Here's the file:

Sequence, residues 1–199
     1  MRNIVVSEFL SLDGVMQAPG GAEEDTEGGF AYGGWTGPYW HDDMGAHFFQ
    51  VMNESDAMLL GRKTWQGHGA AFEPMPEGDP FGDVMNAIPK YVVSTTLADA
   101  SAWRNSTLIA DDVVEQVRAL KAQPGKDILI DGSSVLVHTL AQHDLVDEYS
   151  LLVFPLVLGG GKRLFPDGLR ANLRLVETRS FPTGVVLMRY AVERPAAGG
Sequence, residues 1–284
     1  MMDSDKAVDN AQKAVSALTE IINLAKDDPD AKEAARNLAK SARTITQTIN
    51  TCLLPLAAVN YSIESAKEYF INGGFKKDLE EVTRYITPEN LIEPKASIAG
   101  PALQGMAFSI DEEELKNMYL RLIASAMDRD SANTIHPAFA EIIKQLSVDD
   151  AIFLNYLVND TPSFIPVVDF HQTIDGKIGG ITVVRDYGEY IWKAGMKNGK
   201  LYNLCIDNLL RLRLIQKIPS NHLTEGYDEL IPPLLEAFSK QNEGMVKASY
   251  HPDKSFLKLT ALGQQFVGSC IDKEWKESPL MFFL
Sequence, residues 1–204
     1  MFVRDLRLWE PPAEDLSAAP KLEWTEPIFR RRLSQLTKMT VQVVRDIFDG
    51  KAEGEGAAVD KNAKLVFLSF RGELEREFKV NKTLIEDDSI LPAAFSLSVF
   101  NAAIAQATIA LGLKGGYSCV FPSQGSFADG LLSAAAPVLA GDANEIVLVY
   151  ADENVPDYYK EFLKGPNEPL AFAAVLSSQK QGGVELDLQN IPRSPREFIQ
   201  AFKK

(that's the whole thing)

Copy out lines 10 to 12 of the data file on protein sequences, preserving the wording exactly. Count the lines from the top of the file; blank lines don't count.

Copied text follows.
   151  AIFLNYLVND TPSFIPVVDF HQTIDGKIGG ITVVRDYGEY IWKAGMKNGK
   201  LYNLCIDNLL RLRLIQKIPS NHLTEGYDEL IPPLLEAFSK QNEGMVKASY
   251  HPDKSFLKLT ALGQQFVGSC IDKEWKESPL MFFL